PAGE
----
The grape juice was allowed to stand and ferment in the collecting vessels for about six weeks. A sludge known as lees formed at the bottom of the vessels. The wine was then tipped up gently into jars without disturbing the sediment (Jer 48:11). The jars were sealed with clay, but there was a small hole by the handle that allowed the gases released during the remaining fermentation to escape. When the process was complete, the hole was sealed with a blob of wet clay and the owner’s name or seal was put on the clay. It was possible to put the wine in wineskins (goatskin bottles), but if the gases, then it would burst and the wine would be lost. This is the point of Jesus’ illustration in Matthew 9:17.Continue reading MANNERS AND CUSTOMS OF THE BIBLE (WINE-MAKING)
Deuteronomy shares many affinities with literature from the ancient Near East. The most evident is tis relationship to the various collections of legal sayings that have been recovered. These collections have come from as early as 2000 BC and before – eg., Sumerian Laws of Ur-Nammu (2064-2046 BC), the Laws Eshnunna (c 1850 BC), and the Code of Hammurapi king of Babylon (1792-1750 BC). The OT contains both similarities with and difference from these collections in subcategories of types of laws, such as case law, apodictic law, laws, involving curses, motive clauses, etc.Continue reading DECREES AND LAWS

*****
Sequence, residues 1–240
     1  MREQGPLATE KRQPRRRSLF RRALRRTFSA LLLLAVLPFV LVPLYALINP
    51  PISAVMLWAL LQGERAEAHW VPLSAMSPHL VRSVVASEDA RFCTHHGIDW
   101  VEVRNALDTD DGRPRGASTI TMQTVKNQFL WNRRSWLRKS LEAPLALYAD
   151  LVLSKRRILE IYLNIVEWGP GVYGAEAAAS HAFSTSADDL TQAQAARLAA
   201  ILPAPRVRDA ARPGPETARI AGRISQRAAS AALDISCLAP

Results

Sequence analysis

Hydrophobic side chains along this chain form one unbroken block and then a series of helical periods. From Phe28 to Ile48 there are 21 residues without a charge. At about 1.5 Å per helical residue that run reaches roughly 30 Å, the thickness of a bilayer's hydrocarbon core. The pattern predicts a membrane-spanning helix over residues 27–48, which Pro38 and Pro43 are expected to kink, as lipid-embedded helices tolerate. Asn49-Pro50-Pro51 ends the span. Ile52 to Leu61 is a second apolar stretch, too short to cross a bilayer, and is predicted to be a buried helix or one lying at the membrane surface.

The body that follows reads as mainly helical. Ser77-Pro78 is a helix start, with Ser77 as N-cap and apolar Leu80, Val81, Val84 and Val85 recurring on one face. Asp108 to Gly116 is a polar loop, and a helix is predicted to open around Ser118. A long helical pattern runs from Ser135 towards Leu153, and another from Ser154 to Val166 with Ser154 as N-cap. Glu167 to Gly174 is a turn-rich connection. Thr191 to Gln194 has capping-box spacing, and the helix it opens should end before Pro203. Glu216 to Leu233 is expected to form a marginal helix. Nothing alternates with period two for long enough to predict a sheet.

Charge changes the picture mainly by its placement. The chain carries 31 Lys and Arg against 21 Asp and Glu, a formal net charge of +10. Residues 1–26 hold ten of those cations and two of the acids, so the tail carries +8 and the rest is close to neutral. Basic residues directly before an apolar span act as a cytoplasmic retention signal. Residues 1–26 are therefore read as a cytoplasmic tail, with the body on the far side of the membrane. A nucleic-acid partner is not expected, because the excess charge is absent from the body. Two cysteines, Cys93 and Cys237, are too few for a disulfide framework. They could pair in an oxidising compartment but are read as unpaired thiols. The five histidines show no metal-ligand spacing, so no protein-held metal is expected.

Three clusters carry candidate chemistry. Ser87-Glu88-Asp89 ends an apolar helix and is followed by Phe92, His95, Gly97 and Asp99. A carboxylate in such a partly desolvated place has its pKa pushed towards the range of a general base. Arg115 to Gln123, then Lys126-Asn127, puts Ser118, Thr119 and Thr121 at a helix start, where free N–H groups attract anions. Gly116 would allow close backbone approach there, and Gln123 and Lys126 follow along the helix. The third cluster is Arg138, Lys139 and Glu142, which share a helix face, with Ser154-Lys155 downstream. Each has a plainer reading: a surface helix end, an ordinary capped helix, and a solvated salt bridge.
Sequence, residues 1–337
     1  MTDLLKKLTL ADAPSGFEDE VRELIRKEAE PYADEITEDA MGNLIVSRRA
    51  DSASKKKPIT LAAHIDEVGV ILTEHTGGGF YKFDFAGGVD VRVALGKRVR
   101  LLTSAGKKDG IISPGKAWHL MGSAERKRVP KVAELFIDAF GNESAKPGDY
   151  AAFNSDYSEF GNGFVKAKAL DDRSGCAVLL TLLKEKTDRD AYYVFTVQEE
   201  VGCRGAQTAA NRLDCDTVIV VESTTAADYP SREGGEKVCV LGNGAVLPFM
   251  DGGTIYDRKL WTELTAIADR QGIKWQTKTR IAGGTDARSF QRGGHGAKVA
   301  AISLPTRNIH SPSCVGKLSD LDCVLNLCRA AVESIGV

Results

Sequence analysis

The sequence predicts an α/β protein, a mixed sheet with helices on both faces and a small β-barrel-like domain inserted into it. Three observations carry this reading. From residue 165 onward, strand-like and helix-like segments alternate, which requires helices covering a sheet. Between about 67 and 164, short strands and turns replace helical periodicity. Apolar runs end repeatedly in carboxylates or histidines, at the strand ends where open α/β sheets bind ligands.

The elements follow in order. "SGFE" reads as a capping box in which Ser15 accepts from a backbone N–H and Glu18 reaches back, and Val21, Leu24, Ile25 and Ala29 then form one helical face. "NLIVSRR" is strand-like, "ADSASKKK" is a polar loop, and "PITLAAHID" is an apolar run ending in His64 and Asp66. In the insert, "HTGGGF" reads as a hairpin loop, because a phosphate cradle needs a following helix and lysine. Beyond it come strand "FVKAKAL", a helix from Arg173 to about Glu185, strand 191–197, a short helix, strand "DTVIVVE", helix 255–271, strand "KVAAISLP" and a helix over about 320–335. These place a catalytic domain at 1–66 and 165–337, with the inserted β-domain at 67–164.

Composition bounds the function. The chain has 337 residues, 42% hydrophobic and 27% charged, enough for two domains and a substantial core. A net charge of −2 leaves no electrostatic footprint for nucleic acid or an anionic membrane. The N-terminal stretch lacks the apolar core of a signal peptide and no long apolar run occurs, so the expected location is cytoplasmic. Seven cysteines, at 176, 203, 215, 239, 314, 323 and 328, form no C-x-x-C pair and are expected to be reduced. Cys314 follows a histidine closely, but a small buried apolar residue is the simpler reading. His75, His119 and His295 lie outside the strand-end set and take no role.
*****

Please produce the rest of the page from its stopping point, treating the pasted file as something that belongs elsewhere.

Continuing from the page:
HEBREWS 11:31- “By faith the prostitute received the spies in peace and didn’t perish with those who disobeyed.”
There’s no nice way to say it. Rahab was a harlot-in modern parlance, a hooker. At her home atop the wall that surrounded the bustling, ancient city of Jericho, Rahab took in strange men and gave out sexual favors.